[Python-Dev] Comparing closures and arguments (was Re: Scoping vs augmented assignment vs sets (Re: 'fast locals' in Python 2.5)

Phillip J. Eby pje at telecommunity.com
Wed Jun 14 20:52:47 CEST 2006

At 11:26 AM 6/14/2006 -0700, Josiah Carlson wrote:
>Ok, so here's a bit of a benchmark for you.
>     def helper(x,y):
>         return y
>     def fcn1(x):
>         _helper = helper
>         y = x+1
>         for i in xrange(x):
>             y = _helper(x,y)
>     def fcn2(x):
>         y = x+1
>         def _helper(x):
>             return y
>         for i in xrange(x):
>             y = _helper(x)
>Can you guess which one is faster?  I guessed, but I was wrong ;).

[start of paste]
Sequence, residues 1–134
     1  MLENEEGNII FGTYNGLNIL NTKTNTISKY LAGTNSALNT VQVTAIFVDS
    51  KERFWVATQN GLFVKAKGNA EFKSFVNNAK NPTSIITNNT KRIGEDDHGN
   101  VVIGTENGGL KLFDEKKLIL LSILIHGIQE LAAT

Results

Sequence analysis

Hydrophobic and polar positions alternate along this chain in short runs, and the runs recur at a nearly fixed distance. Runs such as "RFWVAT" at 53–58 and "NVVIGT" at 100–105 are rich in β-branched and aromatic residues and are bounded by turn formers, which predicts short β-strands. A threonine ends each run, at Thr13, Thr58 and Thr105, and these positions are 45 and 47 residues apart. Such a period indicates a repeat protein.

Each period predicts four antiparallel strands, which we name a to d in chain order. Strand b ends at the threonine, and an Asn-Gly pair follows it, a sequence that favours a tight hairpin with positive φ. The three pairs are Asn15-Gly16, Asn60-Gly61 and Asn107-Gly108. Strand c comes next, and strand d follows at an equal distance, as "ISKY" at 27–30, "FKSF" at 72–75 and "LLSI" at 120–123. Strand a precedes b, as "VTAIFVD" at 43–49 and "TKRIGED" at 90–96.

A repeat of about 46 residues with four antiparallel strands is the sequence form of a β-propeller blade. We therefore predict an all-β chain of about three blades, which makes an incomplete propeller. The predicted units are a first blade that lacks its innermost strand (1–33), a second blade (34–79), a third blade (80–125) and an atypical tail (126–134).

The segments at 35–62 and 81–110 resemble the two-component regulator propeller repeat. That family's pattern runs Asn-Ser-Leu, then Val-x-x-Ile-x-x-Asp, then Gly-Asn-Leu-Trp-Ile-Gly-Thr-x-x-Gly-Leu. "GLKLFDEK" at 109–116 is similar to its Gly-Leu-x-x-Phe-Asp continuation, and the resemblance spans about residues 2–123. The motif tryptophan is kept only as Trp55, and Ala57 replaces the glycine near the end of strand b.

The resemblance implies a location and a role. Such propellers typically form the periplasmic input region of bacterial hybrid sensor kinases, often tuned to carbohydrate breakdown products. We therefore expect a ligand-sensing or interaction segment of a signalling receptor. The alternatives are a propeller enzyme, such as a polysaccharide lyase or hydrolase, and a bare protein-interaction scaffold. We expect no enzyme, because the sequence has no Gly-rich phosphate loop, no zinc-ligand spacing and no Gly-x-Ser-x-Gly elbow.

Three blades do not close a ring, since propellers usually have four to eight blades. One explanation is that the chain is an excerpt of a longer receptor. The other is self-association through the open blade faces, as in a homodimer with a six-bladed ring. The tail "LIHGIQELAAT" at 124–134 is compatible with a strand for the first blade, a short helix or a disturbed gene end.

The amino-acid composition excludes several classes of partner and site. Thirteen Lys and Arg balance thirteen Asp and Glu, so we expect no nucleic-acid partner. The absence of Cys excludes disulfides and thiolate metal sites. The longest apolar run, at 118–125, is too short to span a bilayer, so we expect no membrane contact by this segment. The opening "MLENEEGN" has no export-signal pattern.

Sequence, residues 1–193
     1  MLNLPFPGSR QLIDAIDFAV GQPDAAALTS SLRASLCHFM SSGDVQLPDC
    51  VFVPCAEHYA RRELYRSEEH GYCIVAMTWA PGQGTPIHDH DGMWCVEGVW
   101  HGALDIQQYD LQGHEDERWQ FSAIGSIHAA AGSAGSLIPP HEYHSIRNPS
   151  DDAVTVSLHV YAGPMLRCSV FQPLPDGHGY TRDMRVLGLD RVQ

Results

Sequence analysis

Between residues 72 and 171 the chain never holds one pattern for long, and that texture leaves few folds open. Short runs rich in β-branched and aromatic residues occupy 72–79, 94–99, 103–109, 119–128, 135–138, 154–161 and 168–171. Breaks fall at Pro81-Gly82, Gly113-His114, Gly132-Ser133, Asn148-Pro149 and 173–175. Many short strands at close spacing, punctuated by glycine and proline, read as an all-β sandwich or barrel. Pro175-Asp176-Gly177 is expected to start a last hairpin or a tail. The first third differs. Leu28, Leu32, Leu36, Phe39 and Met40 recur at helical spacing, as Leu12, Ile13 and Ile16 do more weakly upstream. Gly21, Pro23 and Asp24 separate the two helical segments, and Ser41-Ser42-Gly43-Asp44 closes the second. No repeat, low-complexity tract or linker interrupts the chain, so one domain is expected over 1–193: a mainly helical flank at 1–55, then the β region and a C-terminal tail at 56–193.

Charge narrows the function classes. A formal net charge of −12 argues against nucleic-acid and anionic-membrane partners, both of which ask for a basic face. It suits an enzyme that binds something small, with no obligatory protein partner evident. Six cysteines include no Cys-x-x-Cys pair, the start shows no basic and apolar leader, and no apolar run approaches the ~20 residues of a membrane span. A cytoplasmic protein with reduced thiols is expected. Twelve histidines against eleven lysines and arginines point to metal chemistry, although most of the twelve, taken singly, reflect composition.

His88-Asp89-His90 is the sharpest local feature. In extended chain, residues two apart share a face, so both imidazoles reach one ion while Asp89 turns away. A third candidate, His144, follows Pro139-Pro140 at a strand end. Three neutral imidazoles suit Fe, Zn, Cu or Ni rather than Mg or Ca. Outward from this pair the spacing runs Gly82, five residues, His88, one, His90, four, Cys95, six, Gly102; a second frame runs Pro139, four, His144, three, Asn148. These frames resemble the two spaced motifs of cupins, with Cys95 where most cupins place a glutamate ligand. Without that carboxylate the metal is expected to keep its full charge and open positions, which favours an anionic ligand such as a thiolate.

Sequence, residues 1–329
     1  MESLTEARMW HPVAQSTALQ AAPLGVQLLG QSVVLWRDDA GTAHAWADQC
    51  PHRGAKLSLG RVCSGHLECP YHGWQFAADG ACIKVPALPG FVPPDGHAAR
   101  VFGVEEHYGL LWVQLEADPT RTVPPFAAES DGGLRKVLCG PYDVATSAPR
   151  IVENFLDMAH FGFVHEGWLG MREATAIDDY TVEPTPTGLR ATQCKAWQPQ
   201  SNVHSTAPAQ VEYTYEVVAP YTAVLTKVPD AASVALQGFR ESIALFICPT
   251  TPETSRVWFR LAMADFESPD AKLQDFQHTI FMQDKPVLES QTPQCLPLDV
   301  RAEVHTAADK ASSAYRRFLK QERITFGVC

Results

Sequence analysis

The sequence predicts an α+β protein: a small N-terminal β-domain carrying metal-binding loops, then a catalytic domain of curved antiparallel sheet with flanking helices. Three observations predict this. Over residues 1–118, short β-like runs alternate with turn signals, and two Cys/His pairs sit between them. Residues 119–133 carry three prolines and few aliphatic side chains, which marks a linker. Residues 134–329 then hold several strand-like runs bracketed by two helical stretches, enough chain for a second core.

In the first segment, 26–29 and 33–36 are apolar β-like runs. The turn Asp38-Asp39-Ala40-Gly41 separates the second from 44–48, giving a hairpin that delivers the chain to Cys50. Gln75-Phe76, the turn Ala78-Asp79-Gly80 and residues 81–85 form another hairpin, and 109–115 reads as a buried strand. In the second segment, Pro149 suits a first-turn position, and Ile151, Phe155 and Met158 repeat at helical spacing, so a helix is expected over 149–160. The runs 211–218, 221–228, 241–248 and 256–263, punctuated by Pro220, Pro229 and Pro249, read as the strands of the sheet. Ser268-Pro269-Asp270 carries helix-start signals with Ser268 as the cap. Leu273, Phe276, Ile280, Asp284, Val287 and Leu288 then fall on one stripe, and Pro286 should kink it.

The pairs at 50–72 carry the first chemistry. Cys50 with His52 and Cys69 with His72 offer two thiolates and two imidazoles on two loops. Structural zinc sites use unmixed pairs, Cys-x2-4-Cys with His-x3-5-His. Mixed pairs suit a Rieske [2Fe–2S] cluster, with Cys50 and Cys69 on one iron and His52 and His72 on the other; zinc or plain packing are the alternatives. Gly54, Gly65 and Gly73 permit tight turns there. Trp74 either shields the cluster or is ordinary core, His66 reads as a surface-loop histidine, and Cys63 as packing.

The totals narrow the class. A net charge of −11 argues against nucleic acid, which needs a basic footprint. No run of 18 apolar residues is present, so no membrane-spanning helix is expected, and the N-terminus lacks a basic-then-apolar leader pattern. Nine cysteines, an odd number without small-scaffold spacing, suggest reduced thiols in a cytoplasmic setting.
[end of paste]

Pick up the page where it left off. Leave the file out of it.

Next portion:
> >>> x = 1000000
> >>> min([fcn1(x) for i in xrange(10)]), min([fcn2(x) for i in xrange(10)])
>(0.53200006484985352, 0.59299993515014648)
>It turns out that passing two arguments to a helper function is actually
>faster than passing one argument and pulling a second out of an
>enclosing scope.

That claim isn't necessarily supported by your benchmark, which includes 
the time to *define* the nested function 10 times, but calls it only 45 
times!  Try comparing fcn1(1000) and fcn2(1000) - I suspect the results 
will be somewhat closer, but probably still in favor of fcn1.

However, I suspect that the remaining difference in the results would be 
due to the fact that the interpreter loop has a "fast path" function call 
implementation that doesn't work with closures IIRC.  Perhaps someone who's 
curious might try adjusting the fast path to support closures, and see if 
it can be made to speed them up without slowing down other "fast path" calls.

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